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The most extreme voting restrictions proposed by the GOP

Following Democratic victories in the 2020 election, state Republican lawmakers across the country are proposing new laws that would restrict access to voting. (Video: Mahlia Posey/The Washington Post, Photo: Salwan Georges/The Washington Post)
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Republican state lawmakers across the country are pressing forward with bills that would add new voting restrictions. They have justified this by pointing to Americans’ (and mostly Republicans’) concerns with the legitimacy of the 2020 election, despite no evidence of actual significant or widespread fraud. But as I wrote Tuesday, the bills themselves go quite a bit further than those concerns would dictate — in ways that lend credence to the idea that this is more about gaming the system.

Beyond the matter of how much these bills actually address the perceived problems, though, is how many of them are extreme. And some proposals are quite extreme — in ways that go beyond what the vast majority of or all states do.

The bills that have gone forward in Georgia and Iowa would, in most ways, move those states in line with how many other states conduct their elections. Whether the restrictions are warranted or in line with GOP claims about why they’re passing them is one question, but they’re generally not outside the mainstream of American politics.

But many other proposals are.

(It bears emphasizing that these are proposals, and legislatures may not press forward with them. But some are, and we’re still in the early days of a clear GOP effort to add restrictions across many states.)

Below are some that are the most extreme or clearly aimed at partisan benefit:

1. Moving up deadlines for absentee ballots — to days before the election

After the 2020 election, President Donald Trump and Republicans cried foul that Pennsylvania would accept absentee ballots received after Election Day, if they were postmarked by then. But new proposals don’t just seek to change the rules for when ballots can be received; they would also move the postmark deadline into unprecedented territory.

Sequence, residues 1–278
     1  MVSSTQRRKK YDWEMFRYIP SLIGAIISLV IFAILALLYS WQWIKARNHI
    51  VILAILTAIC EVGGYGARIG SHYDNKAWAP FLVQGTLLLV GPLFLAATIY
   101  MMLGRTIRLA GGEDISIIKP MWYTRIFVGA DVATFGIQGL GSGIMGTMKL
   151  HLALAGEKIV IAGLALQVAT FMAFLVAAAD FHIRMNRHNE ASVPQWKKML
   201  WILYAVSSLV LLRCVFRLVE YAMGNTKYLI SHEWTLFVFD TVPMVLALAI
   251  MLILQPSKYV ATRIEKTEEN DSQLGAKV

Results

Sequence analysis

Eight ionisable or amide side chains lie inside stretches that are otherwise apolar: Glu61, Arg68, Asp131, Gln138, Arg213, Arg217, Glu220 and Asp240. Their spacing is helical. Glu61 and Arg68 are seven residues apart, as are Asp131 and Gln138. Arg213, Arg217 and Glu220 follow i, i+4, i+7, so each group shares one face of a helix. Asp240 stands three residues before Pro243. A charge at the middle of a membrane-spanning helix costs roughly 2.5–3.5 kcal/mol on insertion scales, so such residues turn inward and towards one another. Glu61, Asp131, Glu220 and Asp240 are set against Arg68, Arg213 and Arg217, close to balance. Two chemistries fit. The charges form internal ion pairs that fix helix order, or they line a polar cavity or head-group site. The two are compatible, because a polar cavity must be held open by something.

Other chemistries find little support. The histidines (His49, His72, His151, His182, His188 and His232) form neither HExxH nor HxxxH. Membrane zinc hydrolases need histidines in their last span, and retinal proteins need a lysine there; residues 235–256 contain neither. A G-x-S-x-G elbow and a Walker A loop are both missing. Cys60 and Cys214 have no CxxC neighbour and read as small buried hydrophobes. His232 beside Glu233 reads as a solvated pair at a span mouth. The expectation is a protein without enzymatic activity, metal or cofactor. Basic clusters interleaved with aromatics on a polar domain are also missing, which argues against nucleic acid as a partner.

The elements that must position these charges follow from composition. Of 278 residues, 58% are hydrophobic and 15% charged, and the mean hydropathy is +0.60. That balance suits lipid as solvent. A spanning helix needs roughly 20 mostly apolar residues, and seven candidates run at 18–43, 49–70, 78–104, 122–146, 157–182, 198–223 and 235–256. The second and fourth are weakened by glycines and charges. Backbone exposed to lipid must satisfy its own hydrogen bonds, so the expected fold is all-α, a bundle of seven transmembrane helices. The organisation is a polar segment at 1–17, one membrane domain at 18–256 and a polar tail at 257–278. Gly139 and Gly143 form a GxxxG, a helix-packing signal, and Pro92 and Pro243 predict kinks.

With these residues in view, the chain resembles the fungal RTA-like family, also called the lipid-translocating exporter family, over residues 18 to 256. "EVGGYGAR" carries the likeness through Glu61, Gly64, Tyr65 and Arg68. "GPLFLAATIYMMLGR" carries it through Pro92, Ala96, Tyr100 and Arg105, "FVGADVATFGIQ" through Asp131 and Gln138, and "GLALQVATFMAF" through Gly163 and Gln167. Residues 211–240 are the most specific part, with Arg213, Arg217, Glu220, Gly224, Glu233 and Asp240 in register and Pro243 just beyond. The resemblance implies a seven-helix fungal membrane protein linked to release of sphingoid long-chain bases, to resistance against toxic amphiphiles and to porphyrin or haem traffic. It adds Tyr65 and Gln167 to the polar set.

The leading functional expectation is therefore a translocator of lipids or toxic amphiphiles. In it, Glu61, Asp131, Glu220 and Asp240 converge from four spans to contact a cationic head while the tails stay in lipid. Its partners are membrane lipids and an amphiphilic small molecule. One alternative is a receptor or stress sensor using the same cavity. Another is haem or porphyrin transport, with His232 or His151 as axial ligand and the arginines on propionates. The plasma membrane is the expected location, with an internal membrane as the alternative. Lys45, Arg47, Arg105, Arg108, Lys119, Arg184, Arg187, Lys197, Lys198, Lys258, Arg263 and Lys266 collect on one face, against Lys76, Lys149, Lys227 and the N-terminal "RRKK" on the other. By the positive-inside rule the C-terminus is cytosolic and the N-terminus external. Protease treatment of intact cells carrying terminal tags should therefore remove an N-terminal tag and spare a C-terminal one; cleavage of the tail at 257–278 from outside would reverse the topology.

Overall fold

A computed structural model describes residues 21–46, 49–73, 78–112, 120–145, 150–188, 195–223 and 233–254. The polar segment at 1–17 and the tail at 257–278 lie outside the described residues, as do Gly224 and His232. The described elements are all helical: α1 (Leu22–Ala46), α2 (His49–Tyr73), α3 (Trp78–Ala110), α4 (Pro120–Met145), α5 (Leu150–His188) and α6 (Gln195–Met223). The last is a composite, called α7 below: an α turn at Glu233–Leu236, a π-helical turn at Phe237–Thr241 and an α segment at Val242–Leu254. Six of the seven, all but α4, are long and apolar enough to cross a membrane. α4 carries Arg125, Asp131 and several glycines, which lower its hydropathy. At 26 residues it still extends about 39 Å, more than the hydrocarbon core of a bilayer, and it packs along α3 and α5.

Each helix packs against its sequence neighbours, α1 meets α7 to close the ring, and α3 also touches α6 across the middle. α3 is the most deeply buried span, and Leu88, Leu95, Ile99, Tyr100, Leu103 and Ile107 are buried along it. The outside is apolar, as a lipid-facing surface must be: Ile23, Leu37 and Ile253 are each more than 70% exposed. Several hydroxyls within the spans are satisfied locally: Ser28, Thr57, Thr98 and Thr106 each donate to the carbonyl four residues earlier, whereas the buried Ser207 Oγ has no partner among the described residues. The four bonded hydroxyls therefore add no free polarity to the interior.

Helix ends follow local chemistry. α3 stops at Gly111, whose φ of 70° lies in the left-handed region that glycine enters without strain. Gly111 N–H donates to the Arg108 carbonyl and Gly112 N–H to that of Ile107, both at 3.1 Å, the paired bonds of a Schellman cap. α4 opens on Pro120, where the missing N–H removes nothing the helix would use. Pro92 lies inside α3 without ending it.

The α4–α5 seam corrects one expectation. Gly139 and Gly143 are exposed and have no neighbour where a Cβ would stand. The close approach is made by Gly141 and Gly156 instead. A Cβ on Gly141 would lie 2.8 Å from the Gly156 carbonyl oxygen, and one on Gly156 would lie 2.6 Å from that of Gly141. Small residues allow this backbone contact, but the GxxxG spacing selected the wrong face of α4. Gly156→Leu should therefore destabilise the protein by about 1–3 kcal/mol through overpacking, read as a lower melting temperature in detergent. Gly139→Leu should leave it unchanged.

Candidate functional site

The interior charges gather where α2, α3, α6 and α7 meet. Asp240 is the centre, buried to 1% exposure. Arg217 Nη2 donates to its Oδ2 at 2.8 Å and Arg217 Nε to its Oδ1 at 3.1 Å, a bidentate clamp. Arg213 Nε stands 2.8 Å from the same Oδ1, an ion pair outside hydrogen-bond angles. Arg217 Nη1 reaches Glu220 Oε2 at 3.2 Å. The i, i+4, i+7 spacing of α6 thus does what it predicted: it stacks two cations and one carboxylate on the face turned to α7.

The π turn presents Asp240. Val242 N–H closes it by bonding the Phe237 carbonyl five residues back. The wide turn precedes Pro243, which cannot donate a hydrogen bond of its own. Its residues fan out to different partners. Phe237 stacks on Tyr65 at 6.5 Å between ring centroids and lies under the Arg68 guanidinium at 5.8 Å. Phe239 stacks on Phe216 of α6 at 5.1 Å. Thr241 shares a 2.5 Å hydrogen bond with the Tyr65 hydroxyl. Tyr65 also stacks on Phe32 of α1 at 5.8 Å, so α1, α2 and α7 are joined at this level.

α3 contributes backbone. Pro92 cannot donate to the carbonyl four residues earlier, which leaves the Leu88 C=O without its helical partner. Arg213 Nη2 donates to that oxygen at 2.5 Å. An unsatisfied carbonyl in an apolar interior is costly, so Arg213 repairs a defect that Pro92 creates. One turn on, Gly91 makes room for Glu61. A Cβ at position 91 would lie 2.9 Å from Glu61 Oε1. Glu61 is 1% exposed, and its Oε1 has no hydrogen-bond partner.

In both Arizona and Iowa, proposals would require not just that absentee ballots be received by Election Day — as most states require — but that they actually be postmarked several days before.

A bill in Arizona would require the absentee ballots to be postmarked by the Thursday before the election, while a bill in Iowa would require them to be mailed at least 10 days before the election.

Iowa is already among the few states that required absentee ballots to be sent before Election Day, but only four states did so as of last year, according to the National Conference of State Legislatures — Alabama, Iowa, North Dakota and Utah. And none of them required this earlier than the day before Election Day, as the bills in both Arizona and Iowa would do.

2. Requiring absentee ballots to be notarized

Another proposal in Arizona would require that absentee ballots be notarized.

Many states do require witnesses for absentee ballots, but the vast majority of them allow for the witness to be someone other than an official notary or election official. According to the NCSL, as of last year only a few states required the latter: Mississippi, Missouri and Oklahoma.

(Separately, a bill in Oklahoma proposes an amendment to the U.S. Constitution that would prohibit absentee ballots from being delivered without applications being notarized or signed by two witnesses — a standard most states don’t have.)

3. Eliminating mail return altogether

Absentee ballots are often referred to interchangeably as “mail-in votes.” But a bill in Arizona seeks to eliminate the “mail-in” portion of that, prohibiting them from being returned by mail at all. It would require them to be dropped off “only by delivering it by hand to a designated voting location.”

Several bills in other states, it bears noting, would also restrict the number of locations in which ballots could be dropped off or seek to outlaw ballot drop boxes outright.

4. Eliminating the senior exemption